At the The Impacts of Living with Endometriosis Information Night on Tuesday, we were made aware that a new(ish) treatment for endometriosis (Visanne) is not being made available in Australia because it's producer (Bayer) does not see it as a commercially viable decision. It has already been approved by the TGA in 2010 and declared safe for use. Visanne is a pill that contains dienogest, a different form of progestogen that is currently only available in Australia in pills (Qlaira & Valette) that also contain oestrogen (estradiol valerate and ethinyloestradiol, respectively). Dienogest has been found to be equally as effective as Lupron (leuprolide acetate) in the treatment of endometriosis, but with a much less severe side effect profile. One of the most shocking side effects of Lupron is bone density loss, leaving women susceptible to osteoporosis, and dienogest does not have that side effect.
The only thing stopping this medication being sold in Australia at the moment is corporations thinking that there is no market for it.
You can change that. You can email them and tell them that there is a market. They are having a meeting next week to discuss this decision so you have to act fast. Women with endometriosis need to be given more choice in treatments for their disease.
There is also a change.org petition here.
If you're looking for inspiration for what to say in your email, here are the emails my mum & I sent to Bayer:
Dear Dr Twomey
Since my oldest daughter was diagnosed with endometriosis several years ago she has undergone two medical procedures and struggled to find a contraceptive pill she could tolerate. Visanne may well be the solution that she needs.
Endometriosis must be one of the most hidden and silent diseases of our age. Since the diagnosis many of my friends and colleagues have revealed that they too suffer from endometriosis. I would assume that there are many more women who are sufferers who remain undiagnosed. My second daughter may well have the disease and not realise it because her symptoms are less severe.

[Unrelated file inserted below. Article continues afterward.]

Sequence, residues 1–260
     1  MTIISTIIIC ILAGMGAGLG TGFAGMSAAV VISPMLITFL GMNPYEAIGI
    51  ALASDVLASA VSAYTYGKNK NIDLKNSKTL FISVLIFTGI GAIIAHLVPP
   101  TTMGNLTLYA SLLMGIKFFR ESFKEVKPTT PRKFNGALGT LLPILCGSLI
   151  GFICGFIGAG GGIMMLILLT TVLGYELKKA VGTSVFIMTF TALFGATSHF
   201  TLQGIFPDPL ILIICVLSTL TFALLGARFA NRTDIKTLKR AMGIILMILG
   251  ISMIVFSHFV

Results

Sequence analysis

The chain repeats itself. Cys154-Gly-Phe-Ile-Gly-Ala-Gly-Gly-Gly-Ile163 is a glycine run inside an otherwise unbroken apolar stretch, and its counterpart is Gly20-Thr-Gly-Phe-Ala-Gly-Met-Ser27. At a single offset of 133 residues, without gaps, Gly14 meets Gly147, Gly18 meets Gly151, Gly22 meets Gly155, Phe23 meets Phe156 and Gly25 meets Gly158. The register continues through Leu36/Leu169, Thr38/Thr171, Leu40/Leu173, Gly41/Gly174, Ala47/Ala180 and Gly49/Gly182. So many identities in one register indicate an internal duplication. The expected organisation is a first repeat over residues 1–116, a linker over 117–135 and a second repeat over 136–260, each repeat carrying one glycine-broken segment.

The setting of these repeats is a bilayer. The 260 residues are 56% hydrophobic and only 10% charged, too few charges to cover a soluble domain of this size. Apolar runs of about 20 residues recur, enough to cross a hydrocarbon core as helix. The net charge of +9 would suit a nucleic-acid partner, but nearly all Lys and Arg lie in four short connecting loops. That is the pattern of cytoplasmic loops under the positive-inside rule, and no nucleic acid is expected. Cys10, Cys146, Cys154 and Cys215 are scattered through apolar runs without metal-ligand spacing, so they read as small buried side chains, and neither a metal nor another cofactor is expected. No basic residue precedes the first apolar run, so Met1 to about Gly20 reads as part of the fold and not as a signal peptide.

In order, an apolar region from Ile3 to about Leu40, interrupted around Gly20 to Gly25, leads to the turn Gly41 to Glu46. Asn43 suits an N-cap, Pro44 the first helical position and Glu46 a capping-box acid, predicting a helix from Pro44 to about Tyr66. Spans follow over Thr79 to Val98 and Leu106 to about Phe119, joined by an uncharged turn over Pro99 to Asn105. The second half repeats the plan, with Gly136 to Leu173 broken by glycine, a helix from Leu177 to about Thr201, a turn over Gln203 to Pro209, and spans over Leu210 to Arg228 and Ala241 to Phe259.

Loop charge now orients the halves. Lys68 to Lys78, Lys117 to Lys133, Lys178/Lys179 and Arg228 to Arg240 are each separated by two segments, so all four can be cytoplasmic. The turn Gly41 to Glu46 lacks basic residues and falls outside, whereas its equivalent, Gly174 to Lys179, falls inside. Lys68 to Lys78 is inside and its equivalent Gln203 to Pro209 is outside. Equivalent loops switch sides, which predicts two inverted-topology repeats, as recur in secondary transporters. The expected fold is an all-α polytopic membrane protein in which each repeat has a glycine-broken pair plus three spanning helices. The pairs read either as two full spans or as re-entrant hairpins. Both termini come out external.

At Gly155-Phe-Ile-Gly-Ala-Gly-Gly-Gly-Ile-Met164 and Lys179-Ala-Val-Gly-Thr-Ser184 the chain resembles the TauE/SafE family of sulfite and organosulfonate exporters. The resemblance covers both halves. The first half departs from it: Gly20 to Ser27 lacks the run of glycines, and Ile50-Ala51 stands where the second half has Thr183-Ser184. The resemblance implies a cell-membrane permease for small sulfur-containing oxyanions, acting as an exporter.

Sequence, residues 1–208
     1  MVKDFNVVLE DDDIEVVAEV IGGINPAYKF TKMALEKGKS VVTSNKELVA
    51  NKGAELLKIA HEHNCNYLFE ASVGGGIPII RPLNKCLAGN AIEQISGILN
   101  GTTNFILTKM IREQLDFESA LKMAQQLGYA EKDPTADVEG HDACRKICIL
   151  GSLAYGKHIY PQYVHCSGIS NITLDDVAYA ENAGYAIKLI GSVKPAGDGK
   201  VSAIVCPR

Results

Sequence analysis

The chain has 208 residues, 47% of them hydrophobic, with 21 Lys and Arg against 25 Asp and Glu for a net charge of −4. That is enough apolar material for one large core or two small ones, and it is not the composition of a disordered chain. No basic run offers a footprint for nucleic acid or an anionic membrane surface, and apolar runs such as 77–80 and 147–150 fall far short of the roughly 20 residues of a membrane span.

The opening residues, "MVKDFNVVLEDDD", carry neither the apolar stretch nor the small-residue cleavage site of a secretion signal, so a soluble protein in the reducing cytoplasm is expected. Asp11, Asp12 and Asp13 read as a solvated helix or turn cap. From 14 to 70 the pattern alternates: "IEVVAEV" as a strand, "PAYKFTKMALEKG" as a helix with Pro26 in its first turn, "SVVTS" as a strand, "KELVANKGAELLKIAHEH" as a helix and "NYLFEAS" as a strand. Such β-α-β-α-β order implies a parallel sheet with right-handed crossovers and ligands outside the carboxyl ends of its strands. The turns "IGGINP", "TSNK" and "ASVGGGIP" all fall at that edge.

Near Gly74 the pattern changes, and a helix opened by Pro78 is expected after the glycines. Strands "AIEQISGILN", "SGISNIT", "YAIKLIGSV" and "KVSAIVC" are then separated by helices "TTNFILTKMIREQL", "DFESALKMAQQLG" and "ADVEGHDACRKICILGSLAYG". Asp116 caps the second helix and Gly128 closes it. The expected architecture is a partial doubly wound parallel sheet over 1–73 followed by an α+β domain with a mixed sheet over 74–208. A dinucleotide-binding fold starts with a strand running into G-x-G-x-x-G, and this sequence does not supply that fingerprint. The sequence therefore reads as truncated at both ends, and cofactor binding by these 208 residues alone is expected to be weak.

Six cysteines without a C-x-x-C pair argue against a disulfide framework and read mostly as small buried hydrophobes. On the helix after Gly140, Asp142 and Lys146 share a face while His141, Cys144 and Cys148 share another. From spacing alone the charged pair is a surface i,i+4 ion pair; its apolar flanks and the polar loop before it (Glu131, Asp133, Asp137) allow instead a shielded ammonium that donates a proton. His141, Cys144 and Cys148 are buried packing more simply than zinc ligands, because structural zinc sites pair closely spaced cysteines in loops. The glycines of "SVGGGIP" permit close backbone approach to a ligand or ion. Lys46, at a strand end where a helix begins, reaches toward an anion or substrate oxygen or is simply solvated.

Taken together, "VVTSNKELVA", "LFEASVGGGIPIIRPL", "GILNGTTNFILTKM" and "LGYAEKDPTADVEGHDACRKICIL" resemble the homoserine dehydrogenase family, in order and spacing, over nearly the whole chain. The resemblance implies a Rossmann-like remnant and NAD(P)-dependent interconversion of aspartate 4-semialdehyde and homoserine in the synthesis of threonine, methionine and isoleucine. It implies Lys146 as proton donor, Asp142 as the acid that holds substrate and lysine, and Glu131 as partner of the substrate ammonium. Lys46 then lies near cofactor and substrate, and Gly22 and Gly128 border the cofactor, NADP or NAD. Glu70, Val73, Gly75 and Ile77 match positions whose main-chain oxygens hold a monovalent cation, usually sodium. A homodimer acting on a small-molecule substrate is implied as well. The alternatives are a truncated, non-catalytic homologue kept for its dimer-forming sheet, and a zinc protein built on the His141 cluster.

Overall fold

Bayer could spearhead a campaign in Australia to raise awareness of the disease and market their drug to clinicians at the same time. This could be a win for both parties.
Please reconsider and provide this choice for Australian women.
Dear Dr Twomey,
I am 1 in 10 women. I have endometriosis and I want access to Visanne as a treatment choice.
I’ve tried everything else.
I’m currently on Qlaira, another one of your pills that contains dienogest (like Visanne), and I am having much success with that pill. Normally on hormonal medications I get horrible anxiety and depression, alongside many other undesirable symptoms (this includes experiences I have had on Yaz and the Mirena). However, on Qlaira, I have had none of those symptoms. My moods have even been more stable on this pill, and my skin is clearer than it’s ever been. Unfortunately, in the last week and a half, I have been back to bleeding and cramping on Qlaira, even though I am mid-cycle (on pills 16-20) and this should not be happening. I suspect that this may be because Qlaira has extra oestrogen that Visanne does not have, and adding more oestrogen to an oestrogen-fuelled disease is not a smart move. I would love to try Visanne and see what it is like for me to be only on dienogest.
Women in Australia have very few treatment options for endometriosis. I hope that Bayer will be a visionary and see to it that Visanne is made available to women in Australia. If you let us, we will prove to you that it is commercially viable. 500,000 women is a pretty big target market.
Please reconsider your decision and make Visanne commercially available in Australia. Otherwise I will be travelling to Germany to get it myself.